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A Frenchwoman's holy mission in China

XINHUA GENERAL NEWS SERVICE July 3, 2002, Wednesday

LIUZHOU (GUANGXI), July 3 (Xinhua) -- In the Rongshui autonomous county of ethnic Miao group in south China's Guangxi Zhuang Autonomous Region, Francoise Grenot from France is on the lips of local folks.

With the help of Ms. Grenot, 1,100 needy school-age children from Danian and Liangzhai townships, both in Rongshui, 300 km from the world-famous scenic city of Guilin, have been able to attend classes for six straight years with completion of 11 new village schools.

Grenot developed a keen interest in China at the very young age. Upon her graduation from middle school, she went to study Chinese at a university in Paris and obtained a Master of Arts degree there.

She later became a tourist guide with an international travel agency in Paris and began to lead tourist groups to China back in 1989, spending over a half year in China annually.

In those days, she traveled high and low around China and fascinated by its abundant sources of tourism and folklore. She took many photos of all scenic sites she traveled to, and jotted down all she came across.

To introduce more French people to China, Grenot, who married a Chinese young man and gave herself a typical Chinese name of "Fang Fang", also published on an irregular basis a magazine in French introducing things about China to French nationals.

Grenot got to know Rongshui Miao autonomous county in 1997 via voluntary French workers with Doctors Without Borders, which has set up medical centers in Guangxi's remote, outling mountainous areas inhabited ethnic groups including ethnic Miao and Dong locals.

In summer that year, Grenot set out alone from Guilin city for Danian township which lies deep in the enclave mountainous regions. One everning, she reached a mountainous village, where she encountered a serene, Utopian world -- a small limpic creek flowing along the densely-wooded mountain valley, raised wooden huts on the exotic slopes, while cooking smoke drifted in thick evening smog.

"The landscape here is so enchanting that I cannot help to feel it is the very ideal place I have long been dreaming for," recalled Grenot of her first impression of this charming mountainous area dwelled by ethnic Miao people.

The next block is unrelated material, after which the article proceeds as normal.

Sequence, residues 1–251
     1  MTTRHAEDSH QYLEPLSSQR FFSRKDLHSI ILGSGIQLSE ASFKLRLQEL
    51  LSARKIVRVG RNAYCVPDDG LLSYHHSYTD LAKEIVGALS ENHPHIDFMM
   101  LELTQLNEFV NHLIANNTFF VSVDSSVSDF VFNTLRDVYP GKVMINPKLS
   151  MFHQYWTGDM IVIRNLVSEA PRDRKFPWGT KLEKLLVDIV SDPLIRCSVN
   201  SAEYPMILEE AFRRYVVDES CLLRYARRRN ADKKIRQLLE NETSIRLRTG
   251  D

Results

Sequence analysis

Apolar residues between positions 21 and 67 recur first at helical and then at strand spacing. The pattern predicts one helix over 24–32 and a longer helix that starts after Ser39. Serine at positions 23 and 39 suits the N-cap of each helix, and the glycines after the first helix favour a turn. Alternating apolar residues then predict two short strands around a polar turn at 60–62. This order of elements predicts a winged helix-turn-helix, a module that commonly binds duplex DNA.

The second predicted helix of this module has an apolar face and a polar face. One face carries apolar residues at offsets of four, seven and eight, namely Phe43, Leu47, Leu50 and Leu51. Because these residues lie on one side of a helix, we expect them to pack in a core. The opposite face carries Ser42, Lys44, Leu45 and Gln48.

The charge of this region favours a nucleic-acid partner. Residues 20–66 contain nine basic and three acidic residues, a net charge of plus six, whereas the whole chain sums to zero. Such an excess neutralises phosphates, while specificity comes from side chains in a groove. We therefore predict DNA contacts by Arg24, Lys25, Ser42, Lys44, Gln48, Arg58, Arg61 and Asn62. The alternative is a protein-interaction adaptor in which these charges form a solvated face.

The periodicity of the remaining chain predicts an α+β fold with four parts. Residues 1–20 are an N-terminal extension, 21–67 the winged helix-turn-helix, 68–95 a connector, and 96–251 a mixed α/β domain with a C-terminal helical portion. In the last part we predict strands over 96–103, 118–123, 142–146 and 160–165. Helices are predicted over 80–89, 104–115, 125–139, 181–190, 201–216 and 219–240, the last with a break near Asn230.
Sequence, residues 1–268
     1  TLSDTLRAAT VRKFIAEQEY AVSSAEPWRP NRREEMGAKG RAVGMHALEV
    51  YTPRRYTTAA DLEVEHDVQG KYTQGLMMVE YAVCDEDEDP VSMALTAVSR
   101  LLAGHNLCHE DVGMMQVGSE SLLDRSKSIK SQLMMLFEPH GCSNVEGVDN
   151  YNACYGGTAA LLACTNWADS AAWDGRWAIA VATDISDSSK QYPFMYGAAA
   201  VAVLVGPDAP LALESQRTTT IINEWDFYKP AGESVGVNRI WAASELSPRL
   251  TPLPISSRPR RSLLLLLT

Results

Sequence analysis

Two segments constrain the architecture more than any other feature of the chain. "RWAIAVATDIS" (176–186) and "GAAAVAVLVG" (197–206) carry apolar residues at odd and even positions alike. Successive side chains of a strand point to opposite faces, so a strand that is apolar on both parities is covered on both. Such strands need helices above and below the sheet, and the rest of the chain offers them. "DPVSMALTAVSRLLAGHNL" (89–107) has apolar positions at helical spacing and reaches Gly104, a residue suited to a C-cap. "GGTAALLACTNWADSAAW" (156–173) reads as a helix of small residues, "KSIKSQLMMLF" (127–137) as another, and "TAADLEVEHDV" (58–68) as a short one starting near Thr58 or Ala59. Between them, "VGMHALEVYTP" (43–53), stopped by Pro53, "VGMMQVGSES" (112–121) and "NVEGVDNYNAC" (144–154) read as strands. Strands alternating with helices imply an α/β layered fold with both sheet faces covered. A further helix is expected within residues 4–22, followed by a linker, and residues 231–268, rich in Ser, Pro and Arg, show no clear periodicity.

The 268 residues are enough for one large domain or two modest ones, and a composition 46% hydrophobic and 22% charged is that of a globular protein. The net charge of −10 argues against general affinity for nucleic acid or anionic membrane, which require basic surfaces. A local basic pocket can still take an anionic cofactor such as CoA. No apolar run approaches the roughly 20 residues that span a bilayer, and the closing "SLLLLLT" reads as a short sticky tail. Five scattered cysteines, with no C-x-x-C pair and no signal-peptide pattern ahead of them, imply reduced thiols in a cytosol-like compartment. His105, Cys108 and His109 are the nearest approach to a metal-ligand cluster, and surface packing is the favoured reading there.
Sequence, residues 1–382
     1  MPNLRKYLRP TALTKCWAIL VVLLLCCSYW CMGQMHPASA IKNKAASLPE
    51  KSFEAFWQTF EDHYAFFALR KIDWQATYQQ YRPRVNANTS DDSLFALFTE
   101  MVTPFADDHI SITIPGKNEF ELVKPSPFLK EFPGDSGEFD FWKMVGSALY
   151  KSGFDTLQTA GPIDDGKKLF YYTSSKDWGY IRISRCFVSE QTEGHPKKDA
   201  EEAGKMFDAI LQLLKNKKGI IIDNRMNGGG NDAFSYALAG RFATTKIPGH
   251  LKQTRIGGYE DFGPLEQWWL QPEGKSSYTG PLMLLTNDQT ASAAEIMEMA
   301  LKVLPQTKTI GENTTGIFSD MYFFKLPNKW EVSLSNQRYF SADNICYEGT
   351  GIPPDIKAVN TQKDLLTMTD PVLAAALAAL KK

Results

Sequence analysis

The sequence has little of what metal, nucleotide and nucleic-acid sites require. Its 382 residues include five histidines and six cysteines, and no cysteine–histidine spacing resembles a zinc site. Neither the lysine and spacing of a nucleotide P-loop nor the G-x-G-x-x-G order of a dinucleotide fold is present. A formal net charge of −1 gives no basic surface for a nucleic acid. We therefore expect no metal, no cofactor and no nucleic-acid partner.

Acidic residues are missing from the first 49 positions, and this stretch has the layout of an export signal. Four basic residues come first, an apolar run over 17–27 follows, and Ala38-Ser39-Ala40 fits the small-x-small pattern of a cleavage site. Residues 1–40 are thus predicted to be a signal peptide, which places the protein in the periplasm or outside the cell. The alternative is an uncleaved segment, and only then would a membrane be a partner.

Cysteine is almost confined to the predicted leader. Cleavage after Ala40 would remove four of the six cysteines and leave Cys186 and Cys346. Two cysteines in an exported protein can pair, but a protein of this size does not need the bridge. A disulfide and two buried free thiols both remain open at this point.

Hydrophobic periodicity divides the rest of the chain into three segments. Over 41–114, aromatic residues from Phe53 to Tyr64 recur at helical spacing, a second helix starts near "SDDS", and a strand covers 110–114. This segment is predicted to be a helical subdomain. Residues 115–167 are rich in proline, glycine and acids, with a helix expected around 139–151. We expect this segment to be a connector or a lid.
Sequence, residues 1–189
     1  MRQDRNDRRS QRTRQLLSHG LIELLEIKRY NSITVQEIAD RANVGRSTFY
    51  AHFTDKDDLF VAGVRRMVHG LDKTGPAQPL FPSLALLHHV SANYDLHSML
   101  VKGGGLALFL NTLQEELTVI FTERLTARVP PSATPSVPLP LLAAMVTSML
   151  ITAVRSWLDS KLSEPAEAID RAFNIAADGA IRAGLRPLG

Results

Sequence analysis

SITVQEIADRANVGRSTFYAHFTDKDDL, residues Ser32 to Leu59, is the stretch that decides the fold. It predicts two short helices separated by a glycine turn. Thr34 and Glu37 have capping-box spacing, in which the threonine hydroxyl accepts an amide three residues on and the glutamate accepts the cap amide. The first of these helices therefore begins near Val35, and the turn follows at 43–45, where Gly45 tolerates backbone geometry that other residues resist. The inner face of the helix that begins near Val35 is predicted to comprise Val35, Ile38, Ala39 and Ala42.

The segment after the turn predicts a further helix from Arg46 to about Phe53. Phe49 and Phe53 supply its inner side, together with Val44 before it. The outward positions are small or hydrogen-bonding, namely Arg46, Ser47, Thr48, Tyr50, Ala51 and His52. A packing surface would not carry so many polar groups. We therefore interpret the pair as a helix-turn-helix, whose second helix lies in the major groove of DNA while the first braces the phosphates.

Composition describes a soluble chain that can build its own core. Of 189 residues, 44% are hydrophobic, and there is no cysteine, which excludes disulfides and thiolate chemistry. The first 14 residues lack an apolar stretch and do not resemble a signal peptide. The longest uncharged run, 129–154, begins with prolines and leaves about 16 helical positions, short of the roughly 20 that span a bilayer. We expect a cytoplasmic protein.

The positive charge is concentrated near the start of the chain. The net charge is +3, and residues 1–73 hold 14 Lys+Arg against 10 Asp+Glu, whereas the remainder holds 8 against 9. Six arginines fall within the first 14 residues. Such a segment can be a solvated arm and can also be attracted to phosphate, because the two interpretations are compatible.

Soon Grenot returned to Guilin, quitted her job as a tourist guide, packed up all her belongings and returned to Danian township and became a Chinese language interpreter for local residents and workers at centers operated by Doctors Without Borders there.

While traveling far and wide among villages scattered in the mountains, Grenot has been engrossed by the unique, imposing scenery, yet she was shocked to find many school-age girls out of school simply because of poverty and they had to herd cattle, sheep or even cut timber for cooking fuel instead.

Such problems haunted her dreamworld even when she was hired to work for the French section of the Beijing Foreign Languages Press Publishing House several months later, so she made up her mind to do something real.

In the summer of 1998, Grenot appeared suddenly in the office of the township government of Danian and told local authorities her decision to help out needy school-age children and send them back to school.

In addition to giving 11,000 yuan (1,300 US dollars) to support the schooling of 132 children there that year, Grenot returned to Danian with friends from France when the new semester began in September.

Under the impact of Francoise Grenot, who is now capable of speaking the dialects of both ethnic Miao and Dong people, some 800 French friends have joined the endeavor to bring back school dropouts of ethnic Miao and Dong groups.

Local residents have returned Grenot's benevolence in their own way. They no longer take her for a foreigner but a member of their own community, calling her "Ms Fang Fang" in Chinese and often warmly inviting and ushering her to their homes.

Elegant landscapes and unique lifestyles have made Grenot, who is now divorced, decide to settle down in Danian Township. Its township government has provided Grenot free of charge with a plot of land for building her own resident wooden hut with distinct French features.

When her lovely suspended wooden hut was finally finished in February last year, local villagers all came along, singing, dancing and drinking self-made alcoholic beverages to congratulate Grenot on the completion of the hut.